In spring 2022, he spoke with Architectural SSL about some of the latest and greatest projects he had been involved with over his illustrious career in illumination.
The Fisher Center for the Performing Arts
In September 2021, the Fisher Center for the Performing Arts at Belmont University, in Nashville, Tenn., opened to resounding applause. The building, fashioned after a traditional European opera house by an architectural team at ESa led by David Minnigan, is considered one of the best performing arts centers on a university campus. The lighting design, provided by Randy Burkett Lighting Design, also successfully balanced the traditional aesthetic with the top-tier performance expectations.
For proof, look no further than the lobby, where three stunning chandeliers, constructed by Crenshaw Lighting, are both classic in profile to blend with the Corinthian capitals and contemporary in their overall effect. Each feature three paired ornamental rings that contain decorative elements inspired by other architectural details found elsewhere in the building. 25W LED medium base filament lamps mimic a historic look.
To determine exact positioning of the fixtures, Randy Burkett Lighting Design worked with the artists who designed and provided the full-height arch-top windows. The faceted glass creates color reflections during the daytime. The choice of the faux filament LED sources also created nighttime refractive effects when passersby view the glass from outdoors.
Interestingly, the contemporary ceiling of the Fisher Center lobby stands in contrast to the classic grandeur designed throughout the rest of the building. The ceiling surfaces were constructed from a 40-millimeter BHASWA Phon plaster system with a post-consumer marble finish that manages sound. Measuring approximately 40 feet by 75 feet, with curved side wall returns, the clean, crisp lines in the ceiling was part of the architect’s vision for the volume. Linear, soft-faced LED sources, 3000K, with a 0-10V control system were integrated into the acoustical surface. “Light’s role was to emphasize the linear aspects of the coffer delineation,” Burkett said.
Martin Luther King, Jr. Memorial
Located on the National Mall, the Martin Luther King Jr. Memorial features a 30-foot-tall sculpture that captures the image of Martin Luther King, Jr. emerging from a stone with a thoughtful and resolute expression. David Mintz, who was responsible for the lighting of the Jefferson Memorial and the Lincoln Memorial, was offered the commission to light Dr. King’s memorial as well. Because he was nearing retirement, he asked Burkett to team up with him.
“I would say that this was one of the more challenging commissions we have had over the years,” Burkett said, “both technically and from the perspective of needing to please such a wide range of stakeholders, including the King Foundation, National Park Service, National Capital Planning Commission, Commission of Fine Arts, and architect McKissack & McKissack, among others.
“The nighttime revelation of the face and upper body of Dr. King’s likeness was very important to the client team. The mock-ups for illuminating this work were done using a pair of personnel lifts. This allowed us to study several possible pole locations and heights, as well as the nuances of color and textures. Distributions, intensities, and glare control were all very important. David Mintz and I spent hours on the site considering every facial feature, hand winkle, and jacket fold as each lighting position was studied.”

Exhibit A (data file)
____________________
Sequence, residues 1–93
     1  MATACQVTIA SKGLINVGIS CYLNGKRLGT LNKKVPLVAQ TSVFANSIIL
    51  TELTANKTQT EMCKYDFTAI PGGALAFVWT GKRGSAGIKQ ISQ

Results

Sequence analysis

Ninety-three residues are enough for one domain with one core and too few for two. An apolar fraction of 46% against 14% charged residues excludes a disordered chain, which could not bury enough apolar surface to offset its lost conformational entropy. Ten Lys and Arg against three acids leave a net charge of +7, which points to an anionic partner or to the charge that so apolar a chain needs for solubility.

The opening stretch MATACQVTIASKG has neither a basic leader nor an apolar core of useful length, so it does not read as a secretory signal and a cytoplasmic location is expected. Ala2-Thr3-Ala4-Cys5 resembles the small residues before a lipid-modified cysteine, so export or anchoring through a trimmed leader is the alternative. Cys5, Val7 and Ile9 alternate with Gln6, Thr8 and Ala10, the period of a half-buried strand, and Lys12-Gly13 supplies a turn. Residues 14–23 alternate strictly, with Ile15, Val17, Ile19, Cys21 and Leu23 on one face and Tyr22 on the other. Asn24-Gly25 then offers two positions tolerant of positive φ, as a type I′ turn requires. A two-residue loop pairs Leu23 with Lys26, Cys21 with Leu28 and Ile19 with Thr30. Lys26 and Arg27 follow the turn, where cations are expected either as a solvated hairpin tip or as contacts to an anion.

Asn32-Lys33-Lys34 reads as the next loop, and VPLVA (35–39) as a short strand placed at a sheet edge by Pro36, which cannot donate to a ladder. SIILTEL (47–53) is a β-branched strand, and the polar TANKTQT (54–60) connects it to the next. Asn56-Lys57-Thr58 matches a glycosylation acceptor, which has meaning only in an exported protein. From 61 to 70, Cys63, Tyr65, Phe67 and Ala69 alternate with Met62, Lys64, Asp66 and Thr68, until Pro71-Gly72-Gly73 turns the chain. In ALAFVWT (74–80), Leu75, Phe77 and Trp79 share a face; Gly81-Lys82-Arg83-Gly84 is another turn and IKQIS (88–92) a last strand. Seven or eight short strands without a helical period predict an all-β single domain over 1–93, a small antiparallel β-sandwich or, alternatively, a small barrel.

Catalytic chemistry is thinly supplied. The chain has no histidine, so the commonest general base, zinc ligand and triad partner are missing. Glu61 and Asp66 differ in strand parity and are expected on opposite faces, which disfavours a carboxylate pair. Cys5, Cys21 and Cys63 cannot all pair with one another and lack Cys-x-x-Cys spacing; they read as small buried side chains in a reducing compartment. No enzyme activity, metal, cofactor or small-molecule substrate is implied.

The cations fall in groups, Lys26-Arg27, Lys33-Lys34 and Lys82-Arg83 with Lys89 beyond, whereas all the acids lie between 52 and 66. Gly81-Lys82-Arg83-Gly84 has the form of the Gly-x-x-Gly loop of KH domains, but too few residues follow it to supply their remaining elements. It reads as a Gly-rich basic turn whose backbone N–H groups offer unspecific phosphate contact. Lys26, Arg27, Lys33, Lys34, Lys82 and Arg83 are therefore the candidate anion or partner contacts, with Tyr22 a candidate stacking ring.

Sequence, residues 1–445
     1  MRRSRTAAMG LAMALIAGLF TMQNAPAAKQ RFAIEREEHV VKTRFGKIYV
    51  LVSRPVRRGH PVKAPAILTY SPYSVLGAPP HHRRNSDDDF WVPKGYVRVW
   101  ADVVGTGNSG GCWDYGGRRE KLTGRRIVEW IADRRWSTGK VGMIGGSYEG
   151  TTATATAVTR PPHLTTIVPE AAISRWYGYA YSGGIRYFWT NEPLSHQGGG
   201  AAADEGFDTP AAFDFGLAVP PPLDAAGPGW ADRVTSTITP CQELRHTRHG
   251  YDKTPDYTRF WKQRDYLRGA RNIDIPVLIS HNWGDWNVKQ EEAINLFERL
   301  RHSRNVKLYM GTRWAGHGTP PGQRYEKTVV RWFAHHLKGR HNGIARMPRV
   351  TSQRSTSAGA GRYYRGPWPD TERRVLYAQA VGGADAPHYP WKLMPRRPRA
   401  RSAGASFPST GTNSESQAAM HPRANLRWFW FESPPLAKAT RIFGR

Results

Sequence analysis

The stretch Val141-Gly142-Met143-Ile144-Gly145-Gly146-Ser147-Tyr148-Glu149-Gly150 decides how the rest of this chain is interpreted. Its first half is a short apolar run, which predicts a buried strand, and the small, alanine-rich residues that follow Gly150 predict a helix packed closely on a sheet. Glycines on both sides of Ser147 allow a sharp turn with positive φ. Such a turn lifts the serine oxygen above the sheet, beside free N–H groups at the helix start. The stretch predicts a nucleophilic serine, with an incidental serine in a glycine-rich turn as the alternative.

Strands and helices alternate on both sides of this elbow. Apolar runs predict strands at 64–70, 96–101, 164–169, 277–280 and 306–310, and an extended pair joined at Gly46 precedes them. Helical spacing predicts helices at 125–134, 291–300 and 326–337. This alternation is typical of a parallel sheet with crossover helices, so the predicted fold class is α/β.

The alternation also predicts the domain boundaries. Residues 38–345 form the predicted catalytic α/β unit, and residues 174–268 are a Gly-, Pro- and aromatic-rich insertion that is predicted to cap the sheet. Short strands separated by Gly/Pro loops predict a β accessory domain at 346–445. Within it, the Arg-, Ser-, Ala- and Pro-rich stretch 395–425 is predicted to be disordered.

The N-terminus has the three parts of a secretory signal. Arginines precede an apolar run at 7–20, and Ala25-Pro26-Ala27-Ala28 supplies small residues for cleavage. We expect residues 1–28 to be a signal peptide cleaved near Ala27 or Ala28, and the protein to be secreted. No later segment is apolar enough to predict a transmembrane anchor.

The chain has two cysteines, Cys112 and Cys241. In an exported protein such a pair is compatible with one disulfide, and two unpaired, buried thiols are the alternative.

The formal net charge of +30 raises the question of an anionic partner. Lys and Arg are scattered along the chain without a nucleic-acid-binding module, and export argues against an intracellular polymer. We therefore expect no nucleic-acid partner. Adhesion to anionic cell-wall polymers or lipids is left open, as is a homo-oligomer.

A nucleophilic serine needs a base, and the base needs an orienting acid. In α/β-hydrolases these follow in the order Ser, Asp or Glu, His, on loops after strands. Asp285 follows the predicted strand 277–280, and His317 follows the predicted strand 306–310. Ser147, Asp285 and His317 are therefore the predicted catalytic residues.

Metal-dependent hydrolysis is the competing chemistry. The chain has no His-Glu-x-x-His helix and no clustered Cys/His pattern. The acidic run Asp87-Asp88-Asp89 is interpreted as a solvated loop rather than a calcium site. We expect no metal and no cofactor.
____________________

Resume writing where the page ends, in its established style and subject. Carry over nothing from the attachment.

Ultimately, Bega’s 77 869 large scale floodlights (150W) with narrow beam light distribution were selected to illuminate the silhouette of Dr. King. The fixtures were mounted on two 45-foot-tall poles, one on each side of the sculpture. Deep, custom-designed, gale control snoots greatly minimized stray lights and off-axis glare. To render the facial expressions and definition of shadows that the team wanted, the lights were set at a higher perch than the statue itself.
The team was also tasked with illuminating the crescent-shaped Inscription Wall that flanks the Stone of Hope. Mintz and RBLD prepared numerous mock-ups, both in-studio and on-site to evaluate lighting strategies. The goal of the lighting on this element was to reveal and make legible the Wall’s carved text, 14 hand-carved quotations chosen from several of Dr. King’s speeches, while creating drama and a sense of place.
The final design featured below-grade luminaires that were installed near the base of the wall at an angle, which succeeded in visually pulling the text out of the background. The elliptipar Style F164s from The Lighting Quotient were modified with internal cross-baffles and located within recessed troughs. The lighting shines through laminated glass panels that were mounted flush with the surrounding pavement. The designers selected 3500K T5HO lamps to complement both the color and scale of the granite wall panels.
“In the evening,” Burkett said, “the in-ground fixtures resemble theatrical footlights that heighten the experience of Dr. King’s words.”
From RBLD to RBLD
Prior to this article’s original publication, in spring 2022, Burkett told Architectural SSL, “I’ve been considering how to transition over the next few years.” In July 2022, Randy and Lisa Reed of Envision Lighting Design announced the merger of their two St. Louis–based firms into Reed Burkett Lighting Design. The combined firm is certified as a Women Business Enterprise in Missouri and Illinois and has similar national certifications. The merged team includes LEED and WELL accredited professionals. “With environmentally responsible design as a pillar of our team,” Burkett said, “the merger means a combined portfolio of design expertise.”
A version of this article appeared in the September 2022 issue of Architectural SSL magazine.